Lifeless Planet PS4 Review

When I finished Lifeless Planet I was torn by its simple platforming, extremely bland environments and its excellent story and music and voice work. Having released on the PC back in 2014, Lifeless Planet was a successful Kickstarter campaign by one developer and it shows that his vision wasn’t necessarily about making the greatest game but telling a touching and moving story which he wholeheartedly achieves.

Lifeless Planet tells the story of an American astronaut who crash lands on a desolate planet, that according to records should be teeming with lush green forests and able to sustain human life. Separated from the rest of his crew, he heads out following the tracks they left behind. The story that follows is an emotional one, told mostly through audio tapes and personal logs, where our astronaut must figure out what happened to this once-lush planet and how the old Soviet Union ended up on this planet light years away from Earth. From the moment the game started to its end I was completely hooked. I don’t want to spoil anything from the story, but the way it depicts humanity as a whole is perfect. The question always comes up: How would we react to an alien race visiting our planet? Lifeless Planet asks the opposite question: What would happen if we were the alien race visiting another planet? My only knock on the story is that it’s a bit dragged out and most things aren’t even explained. The astronaut I was controlling kept having hallucinations of a bed and his wife, which raised a lot of questions that were never really answered.

As far as the gameplay goes, Lifeless Planet is as simple of a platformer as you can get. You transverse the treacherous terrain of the planet with your trusty thrusters, jumping from one landmass to another. The game features puzzles which require moving and carrying rocks from one place to another as well as using a mechanical arm that you find to solve some mystery puzzles, which I won’t spoil here as it would give away important story points. None of it is especially difficult, though I did fall to my death on occasion because you can’t really control yourself while in midair. Jump too soon and you will see yourself falling to your death quite a bit.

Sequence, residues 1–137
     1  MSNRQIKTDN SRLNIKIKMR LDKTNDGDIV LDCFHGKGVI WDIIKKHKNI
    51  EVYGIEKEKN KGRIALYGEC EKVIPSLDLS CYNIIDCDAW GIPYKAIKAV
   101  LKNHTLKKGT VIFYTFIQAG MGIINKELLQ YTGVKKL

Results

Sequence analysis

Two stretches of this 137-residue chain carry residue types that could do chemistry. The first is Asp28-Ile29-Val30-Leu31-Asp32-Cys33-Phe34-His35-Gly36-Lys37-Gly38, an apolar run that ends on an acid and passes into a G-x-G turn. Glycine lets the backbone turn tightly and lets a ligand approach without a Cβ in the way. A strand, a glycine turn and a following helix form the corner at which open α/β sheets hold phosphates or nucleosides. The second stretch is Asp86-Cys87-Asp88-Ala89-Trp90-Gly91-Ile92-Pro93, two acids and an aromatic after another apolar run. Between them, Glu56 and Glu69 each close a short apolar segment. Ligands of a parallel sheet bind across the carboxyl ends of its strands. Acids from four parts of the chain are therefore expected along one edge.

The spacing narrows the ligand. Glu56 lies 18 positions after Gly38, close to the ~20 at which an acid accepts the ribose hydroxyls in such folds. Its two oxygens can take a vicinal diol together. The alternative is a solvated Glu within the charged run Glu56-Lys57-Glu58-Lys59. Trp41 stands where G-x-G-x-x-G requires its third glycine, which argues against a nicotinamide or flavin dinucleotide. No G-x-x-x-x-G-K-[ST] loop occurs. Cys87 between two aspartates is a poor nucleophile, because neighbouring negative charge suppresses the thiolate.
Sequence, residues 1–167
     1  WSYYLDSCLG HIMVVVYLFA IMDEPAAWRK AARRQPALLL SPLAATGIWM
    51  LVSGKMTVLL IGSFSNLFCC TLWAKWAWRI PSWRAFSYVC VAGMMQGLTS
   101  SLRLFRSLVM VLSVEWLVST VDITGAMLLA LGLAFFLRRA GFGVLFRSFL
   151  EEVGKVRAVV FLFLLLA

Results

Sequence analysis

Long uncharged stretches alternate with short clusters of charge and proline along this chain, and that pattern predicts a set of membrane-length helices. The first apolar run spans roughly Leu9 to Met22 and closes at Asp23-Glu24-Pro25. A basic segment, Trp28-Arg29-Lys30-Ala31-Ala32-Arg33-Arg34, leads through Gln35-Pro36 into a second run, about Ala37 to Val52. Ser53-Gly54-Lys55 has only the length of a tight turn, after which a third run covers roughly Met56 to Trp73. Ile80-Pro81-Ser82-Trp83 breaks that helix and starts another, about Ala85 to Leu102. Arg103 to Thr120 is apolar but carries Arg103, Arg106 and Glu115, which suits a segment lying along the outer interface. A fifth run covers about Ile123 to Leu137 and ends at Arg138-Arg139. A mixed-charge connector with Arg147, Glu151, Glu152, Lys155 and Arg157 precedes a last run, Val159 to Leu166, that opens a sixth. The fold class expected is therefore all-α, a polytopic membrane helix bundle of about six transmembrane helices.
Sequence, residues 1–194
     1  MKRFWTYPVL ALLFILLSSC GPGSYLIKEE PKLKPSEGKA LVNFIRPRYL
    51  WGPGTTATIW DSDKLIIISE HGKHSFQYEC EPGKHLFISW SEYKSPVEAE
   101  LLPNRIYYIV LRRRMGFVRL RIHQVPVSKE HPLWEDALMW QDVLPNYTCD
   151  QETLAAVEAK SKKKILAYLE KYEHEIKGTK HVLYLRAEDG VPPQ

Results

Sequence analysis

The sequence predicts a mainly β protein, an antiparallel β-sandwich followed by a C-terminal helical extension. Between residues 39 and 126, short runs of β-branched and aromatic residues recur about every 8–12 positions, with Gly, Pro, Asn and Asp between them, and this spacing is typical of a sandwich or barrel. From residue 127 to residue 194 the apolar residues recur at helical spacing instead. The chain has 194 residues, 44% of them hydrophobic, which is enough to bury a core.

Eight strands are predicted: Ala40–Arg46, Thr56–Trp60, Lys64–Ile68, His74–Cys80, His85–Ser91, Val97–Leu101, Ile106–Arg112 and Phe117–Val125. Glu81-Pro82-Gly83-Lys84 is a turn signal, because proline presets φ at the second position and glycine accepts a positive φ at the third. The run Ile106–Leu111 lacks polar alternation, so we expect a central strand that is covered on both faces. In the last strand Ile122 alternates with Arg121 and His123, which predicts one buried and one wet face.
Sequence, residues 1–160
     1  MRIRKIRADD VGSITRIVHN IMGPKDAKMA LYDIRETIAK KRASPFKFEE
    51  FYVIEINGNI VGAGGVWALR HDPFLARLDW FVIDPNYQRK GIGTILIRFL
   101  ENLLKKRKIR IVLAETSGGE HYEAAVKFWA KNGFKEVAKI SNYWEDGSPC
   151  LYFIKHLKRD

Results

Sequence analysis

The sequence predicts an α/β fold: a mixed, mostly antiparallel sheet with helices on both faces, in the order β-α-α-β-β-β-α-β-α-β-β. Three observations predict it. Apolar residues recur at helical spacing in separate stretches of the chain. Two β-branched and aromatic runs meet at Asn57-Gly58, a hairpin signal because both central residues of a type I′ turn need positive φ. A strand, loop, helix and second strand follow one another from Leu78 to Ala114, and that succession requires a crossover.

There are parts in the game where you will get access to super thrusters, as I call them, allowing you to jump six to seven times midair to cross massive chasms. These were a lot of fun to use but the game only allowed you to use them when it wanted which is a shame as it would give away what was ahead. I should also note for the trophy hunters out there: Don’t try and avoid death. The game rewards you with a new trophy for dying every possible way.

Graphically the game isn’t impressive. Most of the locations you visit are rocky terrain and deserts. This means most of the color pallet is brown and gold, which isn’t very fun to look at. I also ran into a lot of stretched textures on walls which stood out quite a bit. The game visually just doesn’t do anything special, and even though it received a texture update since its initial PC release two years ago, it doesn’t really show here.

The sound design on the other hand is superb. I can’t express to you how happy I am to hear Russian voice acting performed by actual Russian voice actors. I say this because I can clearly understand it unlike a lot of other games; but for those who don’t speak Russian, it won’t matter. A lot of the story is presented in old audio recordings you discover that depict what transpired on the planet and how is it the Soviet Union arrived on a planet light years away from Earth. These audio logs are fully voiced, but for some reason the character’s own personal logs are not. It’s weird to hear your character only read one sentence from his own logs while all the other ones are fully voiced.

The music also deserves praise. It’s emotional and haunting at times and it made me feel the dire situation I was in and made me wish that my Deluxe Edition came with the soundtrack, which unfortunately it didn’t. 

Lifeless Planet is as simple as a game can get. A platformer which sees you traversing a desolate planet searching for your missing team and finding out what happened to a once lush vibrant planet. Although it’s a simple title, its heart is present in its story that had me hooked from start to finish. It’s not often I am moved by someone’s message, but Lifeless Planet delivers a very important one.



The Final Word

Lifeless Planet's stark simplicity belies its heartfelt message. Its environmental blandness countered by a compelling story